Additional comments
Saffron is hand picked and hand processed, which is one reason for its high market price. Saffron is grown primarily in Iran, but it is also grown in Spain, Portugal, Italy, Kashmir and some parts of North Africa. Much of the Iranian production is redistributed through Spain. Saffron grown in these regions generally is grown without using pesticides. China is also beginning to produce saffron.

Meadow saffron (Colchicum autumnale), also known as wild saffron, Autumn crocus, or colchicum, is an unrelated and poisonous plant that should not be confused with saffron and is to be avoided. It can cause thirst, pain, diarrhea, weakness, vomiting, kidney failure, coma, and death from respiratory failure. Diluted fractions of meadow saffron are sometimes used in herbal remedies for gout and arthritis.

Saffron might interfere with Warfarin (coumadin) and other blood-thinning therapy since it has been shown to reduce platelet aggregation and thrombosis formation.

Selected breast cancer studies
Flavonoids, Proanthocyanidins, and Cancer Risk: A Network of Case-Control Studies From Italy Nutrition and Cancer, October 2010
The present meta-analysis was designed to investigate the associations between dietary intake of flavonoids and proanthocyanidins and risks of various types of cancer. The meta-analysis analyzed data from multiple Italian case-control studies including approximately 10,000 incident, histologically confirmed cases of selected cancers and more than 16,000 cancer-free controls. Multiple logistic regression models were used to calculate odds ratios (ORs) for the highest compared to the lowest quintiles (fifths) of consumption of six classes of flavonoids and proanthocyanidins. Total intakes of flavonoids, flavanones, and flavonols were found to be inversely related to oral and laryngeal cancers (OR = 0.56 (oral cancer) and OR = 0.60 (laryngeal cancer) for total flavonoids; 0.51 (oral) and 0.60 (laryngeal) for flavanones; and 0.62 (oral) and 0.32 (laryngeal) for flavonols). Intake of flavanols was also found to be inversely related to laryngeal cancer (OR = 0.64), whereas intake of flavanones was inversely related to esophageal cancer (OR = 0.38). Reduced risk of colorectal cancer was associated with high intake of anthocyanidins (OR = 0.67), flavonols (OR = 0.64), flavones (OR = 0.78), and isoflavones (OR = 0.76). Inverse associations were also found between proanthocyanidins and colorectal cancer, especially for proanthocyanidins with a higher degree of polymerization (OR = 0.69 for ≥ 10 mers). No association between flavonoids and prostate cancer was found. A reduction in risk of breast cancer was found for high dietary intake of flavones (OR = 0.81) and flavonols (OR = 0.80). Common flavones include apigenin and luteolin (tricin is another flavone found primarily in brown rice). Common flavonols include quercetin, kaempferol and fisetin. Flavonols (OR = 0.63) and isoflavones (OR = 0.51) were found to be inversely associated with risk of ovarian cancer, whereas flavonols (OR = 0.69) and flavones (OR = 0.68) were inversely associated with renal cancer.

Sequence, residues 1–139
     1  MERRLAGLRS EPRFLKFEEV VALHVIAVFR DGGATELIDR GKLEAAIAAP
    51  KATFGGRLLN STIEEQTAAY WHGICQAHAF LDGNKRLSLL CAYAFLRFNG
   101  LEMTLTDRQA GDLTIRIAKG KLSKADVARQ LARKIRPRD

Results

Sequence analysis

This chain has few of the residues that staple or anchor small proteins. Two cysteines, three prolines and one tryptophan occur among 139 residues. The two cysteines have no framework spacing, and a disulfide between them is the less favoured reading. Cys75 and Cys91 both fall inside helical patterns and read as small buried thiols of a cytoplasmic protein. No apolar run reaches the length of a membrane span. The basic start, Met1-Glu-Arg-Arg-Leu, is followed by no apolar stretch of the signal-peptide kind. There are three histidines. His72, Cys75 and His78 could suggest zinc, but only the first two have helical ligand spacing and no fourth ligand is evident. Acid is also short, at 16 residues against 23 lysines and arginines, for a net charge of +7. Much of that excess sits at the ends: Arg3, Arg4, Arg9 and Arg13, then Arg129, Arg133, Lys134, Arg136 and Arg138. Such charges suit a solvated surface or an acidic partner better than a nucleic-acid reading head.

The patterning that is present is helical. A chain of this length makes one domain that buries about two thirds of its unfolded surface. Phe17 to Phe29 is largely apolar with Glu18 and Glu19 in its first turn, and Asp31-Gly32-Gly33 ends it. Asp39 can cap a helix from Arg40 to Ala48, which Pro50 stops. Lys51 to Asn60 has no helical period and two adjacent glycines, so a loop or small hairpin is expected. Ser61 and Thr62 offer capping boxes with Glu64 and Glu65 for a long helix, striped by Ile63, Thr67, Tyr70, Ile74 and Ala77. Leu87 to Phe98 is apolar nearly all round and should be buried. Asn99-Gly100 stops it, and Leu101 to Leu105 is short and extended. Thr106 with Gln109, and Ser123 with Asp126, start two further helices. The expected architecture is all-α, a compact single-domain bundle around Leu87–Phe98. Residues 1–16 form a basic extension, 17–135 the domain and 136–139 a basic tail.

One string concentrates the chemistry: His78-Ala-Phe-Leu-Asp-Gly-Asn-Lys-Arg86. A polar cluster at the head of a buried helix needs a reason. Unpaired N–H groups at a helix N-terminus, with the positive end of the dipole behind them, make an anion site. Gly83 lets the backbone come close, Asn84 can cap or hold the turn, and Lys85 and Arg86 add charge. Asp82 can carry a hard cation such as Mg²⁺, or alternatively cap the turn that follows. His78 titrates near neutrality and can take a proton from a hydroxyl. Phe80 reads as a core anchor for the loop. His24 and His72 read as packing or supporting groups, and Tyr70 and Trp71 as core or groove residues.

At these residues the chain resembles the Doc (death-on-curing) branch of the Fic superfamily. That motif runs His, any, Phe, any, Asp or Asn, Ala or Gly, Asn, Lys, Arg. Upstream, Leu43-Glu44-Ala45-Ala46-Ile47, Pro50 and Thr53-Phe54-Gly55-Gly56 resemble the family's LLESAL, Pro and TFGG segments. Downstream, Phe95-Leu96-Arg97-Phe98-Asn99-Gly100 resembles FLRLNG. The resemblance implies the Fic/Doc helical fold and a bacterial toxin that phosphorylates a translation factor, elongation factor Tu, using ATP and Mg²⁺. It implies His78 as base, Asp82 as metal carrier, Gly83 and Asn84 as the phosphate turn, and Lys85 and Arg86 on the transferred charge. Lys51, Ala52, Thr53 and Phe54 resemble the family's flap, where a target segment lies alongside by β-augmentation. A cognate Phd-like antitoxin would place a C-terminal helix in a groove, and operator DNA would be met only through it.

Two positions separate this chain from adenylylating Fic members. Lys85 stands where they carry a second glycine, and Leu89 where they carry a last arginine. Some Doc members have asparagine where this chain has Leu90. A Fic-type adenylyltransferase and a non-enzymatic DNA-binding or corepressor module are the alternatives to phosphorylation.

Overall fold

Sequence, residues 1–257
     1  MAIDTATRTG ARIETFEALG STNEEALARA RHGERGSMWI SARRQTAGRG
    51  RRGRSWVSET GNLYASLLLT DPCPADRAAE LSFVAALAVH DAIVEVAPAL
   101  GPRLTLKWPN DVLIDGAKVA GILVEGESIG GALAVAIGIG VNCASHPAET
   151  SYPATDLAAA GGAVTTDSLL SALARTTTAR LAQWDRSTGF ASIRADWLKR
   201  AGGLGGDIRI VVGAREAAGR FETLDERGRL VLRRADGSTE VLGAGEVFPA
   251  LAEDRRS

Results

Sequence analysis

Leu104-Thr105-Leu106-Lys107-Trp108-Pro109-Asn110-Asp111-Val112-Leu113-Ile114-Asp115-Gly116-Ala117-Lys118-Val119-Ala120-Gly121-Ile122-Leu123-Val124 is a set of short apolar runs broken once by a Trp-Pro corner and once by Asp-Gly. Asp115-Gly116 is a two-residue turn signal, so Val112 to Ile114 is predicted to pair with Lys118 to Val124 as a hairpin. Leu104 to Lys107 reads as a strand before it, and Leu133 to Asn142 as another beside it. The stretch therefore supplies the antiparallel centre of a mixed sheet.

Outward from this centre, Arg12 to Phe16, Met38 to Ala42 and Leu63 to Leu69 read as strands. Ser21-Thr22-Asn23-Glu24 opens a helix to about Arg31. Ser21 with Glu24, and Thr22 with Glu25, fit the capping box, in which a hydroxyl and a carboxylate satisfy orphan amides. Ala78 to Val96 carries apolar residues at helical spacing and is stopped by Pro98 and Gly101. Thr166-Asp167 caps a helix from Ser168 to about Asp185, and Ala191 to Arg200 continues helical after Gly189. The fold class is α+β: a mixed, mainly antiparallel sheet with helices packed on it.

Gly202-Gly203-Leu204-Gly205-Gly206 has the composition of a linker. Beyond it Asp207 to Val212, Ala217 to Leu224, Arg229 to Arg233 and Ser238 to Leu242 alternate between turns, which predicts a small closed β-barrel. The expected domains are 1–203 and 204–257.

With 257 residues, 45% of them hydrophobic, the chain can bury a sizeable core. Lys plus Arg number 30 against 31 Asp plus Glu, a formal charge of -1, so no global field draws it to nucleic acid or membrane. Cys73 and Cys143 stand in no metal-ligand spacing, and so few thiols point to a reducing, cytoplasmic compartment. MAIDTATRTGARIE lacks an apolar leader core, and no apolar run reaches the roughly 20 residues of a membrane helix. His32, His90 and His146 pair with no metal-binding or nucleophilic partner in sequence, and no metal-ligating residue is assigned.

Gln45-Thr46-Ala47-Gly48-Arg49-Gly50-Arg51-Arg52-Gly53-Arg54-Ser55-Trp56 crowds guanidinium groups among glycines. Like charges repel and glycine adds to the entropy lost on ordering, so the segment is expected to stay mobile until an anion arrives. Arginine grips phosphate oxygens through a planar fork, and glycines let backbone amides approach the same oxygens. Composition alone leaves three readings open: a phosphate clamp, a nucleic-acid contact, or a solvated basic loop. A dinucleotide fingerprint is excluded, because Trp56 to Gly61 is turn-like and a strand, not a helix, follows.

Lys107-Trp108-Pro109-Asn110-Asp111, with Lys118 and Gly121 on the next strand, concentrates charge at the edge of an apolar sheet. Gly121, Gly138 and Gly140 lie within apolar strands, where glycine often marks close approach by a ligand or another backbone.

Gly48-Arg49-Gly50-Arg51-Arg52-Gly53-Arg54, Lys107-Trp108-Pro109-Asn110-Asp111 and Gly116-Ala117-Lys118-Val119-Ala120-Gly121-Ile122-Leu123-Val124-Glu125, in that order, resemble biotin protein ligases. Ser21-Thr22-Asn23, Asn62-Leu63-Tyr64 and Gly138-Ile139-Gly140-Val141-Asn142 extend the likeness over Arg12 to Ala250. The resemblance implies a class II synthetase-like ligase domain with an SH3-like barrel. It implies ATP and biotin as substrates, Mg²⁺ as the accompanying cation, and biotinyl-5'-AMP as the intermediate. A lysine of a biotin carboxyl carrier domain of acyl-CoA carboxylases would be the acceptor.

Circulating Carotenoids, Mammographic Density, and Subsequent Risk of Breast Cancer Cancer Research, November 2009
The present nested case-control study was designed to investigate whether the association between carotenoid consumption and risk of breast cancer is related to mammographic density. High breast density as measured by mammography has been reported to be a powerful indicator of increased breast cancer risk. The study included 604 breast cancer cases and 626 cancer-free controls in the Nurses' Health Study for whom circulating carotenoid (alpha-carotene, beta-carotene, beta-cryptoxanthin, lycopene, and lutein/zeaxanthin) levels had been measured and mammograms obtained prospectively. Using a computer-assisted method to determine mammographic density, circulating carotenoids were not found to be associated with mammographic density. However, mammographic density significantly influenced the association between total circulating carotenoids and risk of breast cancer (P heterogeneity = 0.008). Total circulating carotenoid levels were found to be inversely associated with overall breast cancer risk (P trend = 0.01). Among women in the highest third of mammographic density, total circulating carotenoids were associated with a 50% lower risk of breast cancer (odds ratio = 0.5; 95% confidence interval = 0.3 - 0.8). Similarly, among these women, high levels of circulating alpha-carotene, beta-cryptoxanthin, lycopene, and lutein/zeaxanthin were found to be associated with a significant 40% to 50% reduction in risk of breast cancer (P trend < 0.05). On the other hand, no such inverse association was observed between circulating carotenoids and breast cancer risk among study participants with low mammographic density. The authors conclude that plasma levels of carotenoids may play a role in reducing risk of breast cancer, especially among women with high breast density.